Bug Out To Your Own Decommissioned Atlas Missile Silo For $380k
The nuclear-hardened Cold War relic sits deep underground and is ready for a creative survivalist’s personal touch.
A decommissioned Atlas F intercontinental ballistic missile silo has gone up for sale in Abilene, Kansas complete with its launch and control room and exterior support buildings. While the site no longer contains a nuclear-armed weapon, it does offer a large amount of square footage and is hardened against nuclear attacks, perfect for a doomsday prepper with deep pockets who wants to ride things out in relative comfort.
The site, known officially as 550th SMS Site 2, was constructed in 1961 and decommissioned on June 25, 1965. The silo complex was listed for sale on a variety of real estate brokerage sites last week, but it's unknown what became of the site in between decommissioning and being listed for sale. According to its listing on Relator.com, the bunker was purchased by a Manhattan-based owner on January 25, 2022, and relisted the next day for the price of $380,000.
The decommissioned 550th SMS Site 2 facility was built in 1960 and sits on 11 acres of grassy Kansas plains. According to the full description on Zillow.com, the underground facility was hardened against nuclear blasts and includes its own water and electrical systems, as well as a forced sewage system that brings waste to the surface.
The main bunker, which sits some 170 feet below the ground, was designed as the launch control center and living quarters for the former 550th SMS crew stationed there. The control center is connected to a single missile silo by a concrete tunnel.
In addition to being constructed to withstand attacks by enemy missiles, the site would need to be able to withstand the tornadoes that are frequent throughout Kansas. For those reasons, the entire facility was constructed of concrete hardened with epoxy resin and 600 tons of steel rebar, enabling it to withstand the equivalent of 500 mph winds and making it “one of the strongest structures ever built by man,” according to AtlasMissileSilo.com.
While the Atlas F ICBM that was once stored at 550th SMS Site 2 is long gone, there appears to be some kind of missile-shaped concrete structure where the missile once stood. There is no mention of the structure in the site's real estate listing.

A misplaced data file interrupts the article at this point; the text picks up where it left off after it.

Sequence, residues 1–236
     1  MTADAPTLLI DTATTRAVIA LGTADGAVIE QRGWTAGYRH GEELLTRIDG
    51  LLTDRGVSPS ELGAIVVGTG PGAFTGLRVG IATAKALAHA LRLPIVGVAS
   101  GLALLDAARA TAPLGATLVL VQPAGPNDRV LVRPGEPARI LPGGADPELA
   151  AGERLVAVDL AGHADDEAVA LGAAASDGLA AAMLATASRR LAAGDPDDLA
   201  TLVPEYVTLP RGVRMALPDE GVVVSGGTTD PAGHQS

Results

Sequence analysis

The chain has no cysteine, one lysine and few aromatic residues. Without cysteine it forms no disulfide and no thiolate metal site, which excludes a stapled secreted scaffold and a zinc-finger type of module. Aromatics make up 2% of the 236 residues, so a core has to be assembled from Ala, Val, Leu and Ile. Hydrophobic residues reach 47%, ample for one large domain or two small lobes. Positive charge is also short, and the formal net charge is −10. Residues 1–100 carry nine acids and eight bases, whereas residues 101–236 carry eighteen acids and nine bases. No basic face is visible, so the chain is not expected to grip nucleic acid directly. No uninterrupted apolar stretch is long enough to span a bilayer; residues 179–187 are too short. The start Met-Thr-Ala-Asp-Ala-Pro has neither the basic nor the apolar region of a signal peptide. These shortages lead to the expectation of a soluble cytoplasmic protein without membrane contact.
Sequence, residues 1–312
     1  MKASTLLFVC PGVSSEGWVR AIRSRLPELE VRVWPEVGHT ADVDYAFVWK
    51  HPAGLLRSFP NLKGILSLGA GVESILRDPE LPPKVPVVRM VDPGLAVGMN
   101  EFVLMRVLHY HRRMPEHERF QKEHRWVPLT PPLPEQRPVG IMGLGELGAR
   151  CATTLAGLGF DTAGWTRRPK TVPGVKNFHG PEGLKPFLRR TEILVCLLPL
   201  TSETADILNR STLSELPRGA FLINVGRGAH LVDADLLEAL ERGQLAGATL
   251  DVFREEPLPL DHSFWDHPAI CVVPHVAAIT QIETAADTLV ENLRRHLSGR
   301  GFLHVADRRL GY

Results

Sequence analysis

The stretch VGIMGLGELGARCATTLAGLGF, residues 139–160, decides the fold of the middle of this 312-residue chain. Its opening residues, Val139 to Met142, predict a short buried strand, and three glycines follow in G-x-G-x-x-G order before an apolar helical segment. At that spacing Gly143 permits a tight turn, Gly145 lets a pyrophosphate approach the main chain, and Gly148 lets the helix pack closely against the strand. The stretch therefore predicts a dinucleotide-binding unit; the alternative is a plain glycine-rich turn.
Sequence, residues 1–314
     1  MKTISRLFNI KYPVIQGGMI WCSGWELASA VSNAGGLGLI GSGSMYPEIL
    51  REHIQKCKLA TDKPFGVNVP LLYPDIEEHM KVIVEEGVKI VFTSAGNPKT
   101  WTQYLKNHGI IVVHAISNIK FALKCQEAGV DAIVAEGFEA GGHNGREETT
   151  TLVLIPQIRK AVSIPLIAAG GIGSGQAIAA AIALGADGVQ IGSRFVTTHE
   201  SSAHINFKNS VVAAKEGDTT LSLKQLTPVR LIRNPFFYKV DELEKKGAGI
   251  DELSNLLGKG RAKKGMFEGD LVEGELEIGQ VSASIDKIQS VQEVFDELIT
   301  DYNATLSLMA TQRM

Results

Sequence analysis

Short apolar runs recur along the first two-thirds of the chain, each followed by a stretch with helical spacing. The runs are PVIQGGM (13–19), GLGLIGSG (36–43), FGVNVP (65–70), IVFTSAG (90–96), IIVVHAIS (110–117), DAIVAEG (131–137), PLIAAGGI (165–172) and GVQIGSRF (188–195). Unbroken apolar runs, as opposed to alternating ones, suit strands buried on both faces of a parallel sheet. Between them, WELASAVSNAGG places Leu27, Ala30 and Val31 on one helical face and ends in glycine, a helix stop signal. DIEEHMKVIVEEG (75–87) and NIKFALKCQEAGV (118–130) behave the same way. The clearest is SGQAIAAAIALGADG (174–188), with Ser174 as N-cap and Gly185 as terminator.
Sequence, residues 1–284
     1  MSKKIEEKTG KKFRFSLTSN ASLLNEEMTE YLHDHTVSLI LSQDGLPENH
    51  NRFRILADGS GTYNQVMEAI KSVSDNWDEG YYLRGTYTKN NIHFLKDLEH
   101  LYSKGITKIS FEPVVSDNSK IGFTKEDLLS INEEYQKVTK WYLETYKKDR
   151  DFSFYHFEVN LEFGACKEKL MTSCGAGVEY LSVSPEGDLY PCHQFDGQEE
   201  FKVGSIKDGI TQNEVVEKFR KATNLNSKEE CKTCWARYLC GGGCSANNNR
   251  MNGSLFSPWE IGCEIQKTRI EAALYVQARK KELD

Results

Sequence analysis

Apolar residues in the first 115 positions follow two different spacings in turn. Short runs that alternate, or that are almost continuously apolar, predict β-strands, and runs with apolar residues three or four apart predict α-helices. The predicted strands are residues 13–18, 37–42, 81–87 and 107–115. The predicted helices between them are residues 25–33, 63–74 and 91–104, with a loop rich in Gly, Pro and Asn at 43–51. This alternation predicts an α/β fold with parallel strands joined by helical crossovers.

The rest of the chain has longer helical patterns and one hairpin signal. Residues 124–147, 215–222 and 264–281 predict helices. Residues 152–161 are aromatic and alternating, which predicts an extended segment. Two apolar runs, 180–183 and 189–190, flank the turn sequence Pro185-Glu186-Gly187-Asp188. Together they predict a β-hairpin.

The complex also includes a 4,000-square-foot Quonset building that has its own water, sewage, and electrical system, and a separate “one-room building for office or storage.” According to the listing, the unique facility offers great security and “has lots of potential in whatever way you choose to go.”
The video below offers a tour of another nearby facility, 550th SMS Site 4 in Carlton, Kansas.
Site 2 was operated by the 550th Strategic Missile Squadron (SMS) at Schilling Air Force Base. The 550th was established in 1961 to oversee twelve SM-65F Atlas, or Atlas F, intercontinental ballistic missile silos spread out throughout central Kansas. A total of 72 of these Atlas F sites were constructed nationwide, with six strategic missile squadrons established to operate them.
A five-man crew would be stationed in the underground bunkers, consisting of an electrical power production technician, a missile maintenance technician, a missile facilities technician, a missile combat crew commander, and a deputy missile combat crew commander. Above ground, additional support personnel could be stationed inside Quonset huts.
The 550th SMS became operational in 1962 and was deactivated in 1965 following the Atlas missile’s retirement from service after the development of the LGM-30 Minuteman missile rendered it obsolete. Despite being phased out, Atlas variants continued to be vital for providing data that would inform the development of later missiles, and versions would go on to be used for space launches until 1981.
The Atlas F missile silos featured a vertical silo in which a single missile would be stored, but not fired. When placed on alert, the missiles would be fueled with liquid kerosene. Prior to launch, the missile would be loaded with liquid oxygen and raised to the surface by an elevator system where it could then be launched.
In total, it took around 10 minutes for the Atlas F to be fueled, raised to the surface, and launched. Its adjacent launch control room was built on springs that were capable of absorbing the quake of a nearby nuclear detonation.
It’s not all that uncommon for such hardened former military facilities to go on sale. For instance, another decommissioned Atlas F site went on sale in 2017. Here's another Atlas missile silo that has been converted into a private residence. A Nike missile site in Pennsylvania was converted into a brewery in 2019, and just last year, an EMP-hardened Cold War-era communications bunker was listed for sale in Kansas. These sites were designed to withstand some of the harshest conditions imaginable, so it makes sense that they could be sought-after by the right buyer looking for a nearly impenetrable bug-out bunker.
That being said, these sites have often become money traps for owners that were unprepared for the realities of renovating and sustaining such an elaborate facility that, in many cases, has not received attention for decades. So, while the barrier to entry is comically low at just $380,000, you could probably add up to another zero onto that figure to make it truly the ultimate survivor's palace that it could be.
Contact the author: Brett@TheDrive.com